One thing you know for sure about wild meat is that it hasn’t been loaded with chemicals and growth hormones to get it to market quickly. In general, it has feasted on wild plants and grasses. It’s about the most natural meat you could get. When hunting and harvesting wild game, you know the exact date it was harvested, the type of animal, when it was butchered and put in your freezer. The difference in taste is remarkable. Unfortunately, my hunting days have rather come to a close, so the closest meat we can get is from the Circle D Ranch, just north of the Whitehorse. That’s where we get our Black Angus meat, freshly killed, hung and butchered on the ranch. There are no chemicals added and the animals feed entirely on chemical-free grass fields. What more could a retired hunter ask for?
Of course, in the final analysis, venison is one of the finest meats you could adorn the supper table with. I’ve used the following recipe to cook it. Different big-game animals have specific heats and cooking times, as you’ll see below.
Wild game steak
1/2 cup white onions, chopped very fine
1 tbsp drippings
2-1/2 cups chopped tomatoes.
2-1/2 cups cooked brown mushrooms, chopped
1/4 cup sliced pimento (plus a small portion of liquid)
1 bay leaf
Mix and simmer together for about 15 minutes.
Brown enough venison steaks to feed half a dozen hungry family members.
Once browned, cover with above sauce.
Bake at 350 F for about one hour.
One recipe to fit all
1/2 cup chopped white onions
1/2 cup sour cream
2 tbsp butter
2 tbsp white flour
1 cup chopped brown mushrooms
Lightly brown your onions in butter. Remove these from the fat and then slowly brown your steaks on both sides.
Spread the browned onions over the steaks and cook very slowly for about 30 minutes on the stovetop until the steaks are tender.
Mix together the sour cream, flour and brown mushrooms to create a sauce.
Add this to the steaks while still hot.
Cover and simmer for about 20 minutes.
Venison chops with garlic
5 to 6 venison chops
2 cups of cooked diced carrots
1 garlic clove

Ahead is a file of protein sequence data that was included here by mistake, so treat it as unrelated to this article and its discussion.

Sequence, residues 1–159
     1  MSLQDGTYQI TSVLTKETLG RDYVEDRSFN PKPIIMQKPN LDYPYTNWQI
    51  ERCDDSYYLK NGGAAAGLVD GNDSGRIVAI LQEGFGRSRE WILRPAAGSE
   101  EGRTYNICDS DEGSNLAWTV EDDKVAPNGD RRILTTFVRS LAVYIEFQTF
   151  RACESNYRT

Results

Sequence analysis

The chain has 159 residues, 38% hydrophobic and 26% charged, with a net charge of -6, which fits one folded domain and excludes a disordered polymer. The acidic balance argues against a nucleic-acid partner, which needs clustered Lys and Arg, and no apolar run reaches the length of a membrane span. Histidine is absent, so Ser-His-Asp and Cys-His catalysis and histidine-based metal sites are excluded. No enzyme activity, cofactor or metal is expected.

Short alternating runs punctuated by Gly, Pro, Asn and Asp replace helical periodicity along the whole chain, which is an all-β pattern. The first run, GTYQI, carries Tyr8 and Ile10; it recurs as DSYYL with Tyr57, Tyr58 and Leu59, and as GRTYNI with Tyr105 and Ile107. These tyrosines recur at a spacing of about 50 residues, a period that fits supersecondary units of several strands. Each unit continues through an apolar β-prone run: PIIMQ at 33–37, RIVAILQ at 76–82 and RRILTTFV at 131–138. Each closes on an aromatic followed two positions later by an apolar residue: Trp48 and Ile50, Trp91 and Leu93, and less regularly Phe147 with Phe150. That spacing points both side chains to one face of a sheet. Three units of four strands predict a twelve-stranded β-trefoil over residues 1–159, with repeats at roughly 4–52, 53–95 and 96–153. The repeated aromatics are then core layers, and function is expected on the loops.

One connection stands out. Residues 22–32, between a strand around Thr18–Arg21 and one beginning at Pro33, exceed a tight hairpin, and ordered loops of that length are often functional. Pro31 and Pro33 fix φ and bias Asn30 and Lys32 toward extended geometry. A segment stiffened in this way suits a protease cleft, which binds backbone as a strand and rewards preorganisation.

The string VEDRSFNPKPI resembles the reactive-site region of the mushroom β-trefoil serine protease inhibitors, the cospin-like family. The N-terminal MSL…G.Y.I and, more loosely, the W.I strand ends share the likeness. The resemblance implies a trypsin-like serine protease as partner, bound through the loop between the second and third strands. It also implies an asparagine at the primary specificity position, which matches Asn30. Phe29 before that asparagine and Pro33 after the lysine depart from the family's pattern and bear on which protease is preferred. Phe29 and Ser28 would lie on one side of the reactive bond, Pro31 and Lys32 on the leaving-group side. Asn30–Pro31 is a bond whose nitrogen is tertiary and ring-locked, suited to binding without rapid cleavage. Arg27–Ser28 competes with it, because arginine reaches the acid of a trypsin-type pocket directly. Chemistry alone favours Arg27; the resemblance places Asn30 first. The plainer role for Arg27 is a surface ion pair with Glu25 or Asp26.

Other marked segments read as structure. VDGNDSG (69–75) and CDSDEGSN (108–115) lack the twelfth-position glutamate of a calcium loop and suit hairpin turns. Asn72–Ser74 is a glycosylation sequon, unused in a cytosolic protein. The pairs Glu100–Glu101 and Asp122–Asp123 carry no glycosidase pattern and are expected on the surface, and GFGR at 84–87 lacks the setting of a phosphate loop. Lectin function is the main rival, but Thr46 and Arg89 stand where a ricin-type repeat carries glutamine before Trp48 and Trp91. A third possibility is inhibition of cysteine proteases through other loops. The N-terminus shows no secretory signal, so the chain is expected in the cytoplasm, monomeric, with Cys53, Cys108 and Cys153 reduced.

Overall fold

4 tbsp flour
2 tbsp cooking oil
4 tbsp chilli sauce
2 medium white onions, chopped
3/4 cup dry wine
Salt and pepper to taste
Rub chops with cut clove garlic, sprinkle with salt and pepper.
Sear chops on both sides in cooking oil in a frying pan, then remove to a baking dish.
Sauté onions and carrots in frying pan until the onions are soft.
Add the flour, chill sauce and wine. Cook until thickened.
Place some of the carrot mixture on top of each chop and bake at 300 F for 45 minutes.
Barbeque deer steak in marinade
1 lbs deer meat
Dry red wine
Steak spice to taste
Your favourite barbeque sauce
Garlic powder and pepper to taste
Take 1 lbs piece of deer loin or hind. Cut into steaks to about 2 to 3 centimetres thick. Place this in a non-metal marinade dish. Sprinkle with steak spice, garlic powder and pepper. Add a small amount of dry red wine and allow to stand for 2 to 4 hours.
Remove and place on a hot barbeque to sear for 3 to 4 minutes. Turn the heat down to low.
Pour the remainder of the marinade over the steak and then close the barbeque cover.
Allow to set for about 6 minutes.
Turn the barbeque to high heat and flip steaks over. Baste with barbeque sauce. After 4 minutes, turn temperature down to low. Steaks should be ready in about another 7 minutes.
I’ll close this week’s column with some wise words on survival: The best way to make an emergency fire with two sticks is to make sure one of them is a match. And I will say Amen to that brother!